If you’re planning to lose weight in the new year, you’re not alone. In fact, “diet to lose weight” was one of the top five resolutions when Vitagene surveyed Americans about the content of their New Year’s resolutions. Replacing sugar with an artificial sweetener offers a simple way to cut calories if you’re ready to shed a few extra pounds. Unfortunately, the change could jeopardize your dog’s health if you eat or drink foods and beverages that contain xylitol or add the sweetener to foods.
What Is Xylitol?
Xylitol is a sugar-free sweetener added to many low-calorie foods and beverages. The sugar alcohol is found naturally in fruits and vegetables and is commercially produced from corn cobs or birch bark, according to the International Food Information Council Foundation.
Xylitol is often used to sweeten sugar-free gum and candy and may be added to other sugar-free or diabetic friendly products, including mouthwash, toothpaste, peanut butter, chewable vitamins, mints, cough syrup, desserts, ice cream, and medications. You can also purchase xylitol in stores and use the product to sweeten your coffee or replace the sugar in a favorite recipe.
Why is Xylitol Harmful to Dogs?
Unlike humans, dogs are particularly sensitive to the effects of xylitol. Ingesting xylitol triggers a rapid release of insulin from your dog’s pancreas and quickly lowers your pet’s blood sugar level. Xylitol may also affect liver enzymes and cause liver failure in severe cases. The pancreas, located in your dog’s abdomen, regulates blood sugar and produces enzymes needed for digestion.
If your pet doesn’t receive immediate emergency veterinary treatment after eating or drinking a food or beverage containing xylitol, he or she could die.
What Are the Symptoms of Xylitol Poisoning?
Your dog may exhibit one or more of these signs and symptoms after ingesting xylitol:
- Coordination Problems or Difficulty Walking Normally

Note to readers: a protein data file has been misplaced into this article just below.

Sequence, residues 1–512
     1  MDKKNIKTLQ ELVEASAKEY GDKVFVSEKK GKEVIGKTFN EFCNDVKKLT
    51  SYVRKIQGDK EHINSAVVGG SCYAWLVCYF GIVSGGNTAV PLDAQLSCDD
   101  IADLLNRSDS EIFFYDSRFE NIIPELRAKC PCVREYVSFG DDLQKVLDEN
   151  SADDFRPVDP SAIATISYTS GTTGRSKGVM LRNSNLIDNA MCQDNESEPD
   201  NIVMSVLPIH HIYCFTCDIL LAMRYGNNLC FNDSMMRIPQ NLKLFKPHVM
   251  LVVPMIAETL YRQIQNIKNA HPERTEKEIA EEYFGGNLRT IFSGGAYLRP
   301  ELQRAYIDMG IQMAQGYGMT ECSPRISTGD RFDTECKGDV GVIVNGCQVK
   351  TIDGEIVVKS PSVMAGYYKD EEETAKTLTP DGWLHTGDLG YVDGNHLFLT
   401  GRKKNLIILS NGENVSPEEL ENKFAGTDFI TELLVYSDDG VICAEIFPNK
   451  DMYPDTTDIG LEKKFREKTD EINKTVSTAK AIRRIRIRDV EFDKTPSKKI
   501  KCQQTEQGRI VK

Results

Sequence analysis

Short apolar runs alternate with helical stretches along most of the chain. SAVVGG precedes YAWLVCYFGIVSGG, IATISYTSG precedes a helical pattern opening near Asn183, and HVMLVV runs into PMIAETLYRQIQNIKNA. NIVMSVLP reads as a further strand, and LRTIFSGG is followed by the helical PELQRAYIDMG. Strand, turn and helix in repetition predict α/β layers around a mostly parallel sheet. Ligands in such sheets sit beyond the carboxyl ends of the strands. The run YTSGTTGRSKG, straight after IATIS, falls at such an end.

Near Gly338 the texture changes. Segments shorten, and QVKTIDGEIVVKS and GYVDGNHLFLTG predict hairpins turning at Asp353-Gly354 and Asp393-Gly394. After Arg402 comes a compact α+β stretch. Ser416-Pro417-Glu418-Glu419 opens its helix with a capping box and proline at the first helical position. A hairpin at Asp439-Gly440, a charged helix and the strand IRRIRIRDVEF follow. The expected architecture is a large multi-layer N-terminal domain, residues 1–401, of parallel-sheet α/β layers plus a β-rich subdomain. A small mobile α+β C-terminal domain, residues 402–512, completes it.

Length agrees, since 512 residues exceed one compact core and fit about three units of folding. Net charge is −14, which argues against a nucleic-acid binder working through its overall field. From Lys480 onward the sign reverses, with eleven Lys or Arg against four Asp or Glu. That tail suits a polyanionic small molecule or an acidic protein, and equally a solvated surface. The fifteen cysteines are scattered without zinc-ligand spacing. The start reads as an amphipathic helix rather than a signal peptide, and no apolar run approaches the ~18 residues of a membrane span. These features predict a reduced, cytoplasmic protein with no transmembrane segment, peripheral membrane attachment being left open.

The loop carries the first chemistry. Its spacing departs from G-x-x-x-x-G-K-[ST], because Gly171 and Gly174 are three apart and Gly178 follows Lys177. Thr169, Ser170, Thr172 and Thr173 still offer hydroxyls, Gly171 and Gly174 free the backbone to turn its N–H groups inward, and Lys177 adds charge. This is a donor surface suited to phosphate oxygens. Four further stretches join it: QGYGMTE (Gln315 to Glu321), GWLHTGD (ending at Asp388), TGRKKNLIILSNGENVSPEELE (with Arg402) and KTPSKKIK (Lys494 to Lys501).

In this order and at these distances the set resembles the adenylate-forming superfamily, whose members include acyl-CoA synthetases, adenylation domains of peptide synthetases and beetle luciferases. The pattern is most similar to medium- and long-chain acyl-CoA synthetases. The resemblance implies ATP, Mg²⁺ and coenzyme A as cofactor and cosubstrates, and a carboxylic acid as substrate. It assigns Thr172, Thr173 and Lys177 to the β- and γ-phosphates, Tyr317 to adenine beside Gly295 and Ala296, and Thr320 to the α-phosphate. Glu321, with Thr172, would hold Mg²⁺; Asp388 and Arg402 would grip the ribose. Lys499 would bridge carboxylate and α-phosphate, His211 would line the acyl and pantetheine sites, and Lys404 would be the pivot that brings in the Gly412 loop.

- Yellow Gums
- Black Stool
- Racing Heart
- Sudden Collapse
The severity of the symptoms will depend on the amount of xylitol that your pet consumes. Foods that list xylitol among the first several ingredients contain the highest amounts of the sweetener.
How Is Xylitol Poisoning Treated?
Your pet’s veterinarian may give him or her medication to induce vomiting, depending on how long ago your dog consumed xylitol. Intravenous fluids and dextrose (sugar) may also be provided to treat dangerously low blood sugar.
Over several hours, the amount of dextrose your dog receives will be gradually decreased until your pet’s blood sugar reaches normal levels. Your pet’s veterinarian will also closely monitor your dog’s liver enzymes. In some cases, your pet may need to take liver protectants for a week or two after returning home.
Are Other Sweeteners Dangerous?
Although your dog doesn’t need to eat sweets, ingesting foods or beverages sweetened with other artificial sweeteners won’t harm his or her health. In fact, erythritol, stevia, maltitol, saccharin, sorbitol, aspartame, and sucralose aren’t poisonous to dogs, according to the Pet Health Network.
How Can I Prevent Xylitol Poisoning?
Placing foods and beverages out of the reach of your dogs and removing trash promptly are simple ways to prevent poisoning. Do you keep sugar-free mints, gum or candy in your purse or backpack? You never know when your pet may upend your bag and discover these tempting treats. For your dog’s sake, place bags and backpacks in closed cabinets or on high hooks or shelves to prevent an emergency trip to the veterinarian.
Don’t forget about non-food items too. Place toothpaste and mouthwash in the medicine cabinet as soon as you’ve used them, and store vitamins and medications in a safe, secure place.
If you think that your dog has eaten food that contains xylitol, call the vet immediately. Prompt treatment is essential and will reduce the risk of serious complications or death due to xylitol poisoning.
Whether you have questions about food safety or it’s time for your pet’s checkup, we’re here to help you protect your furry friend’s health. Contact us to schedule an appointment.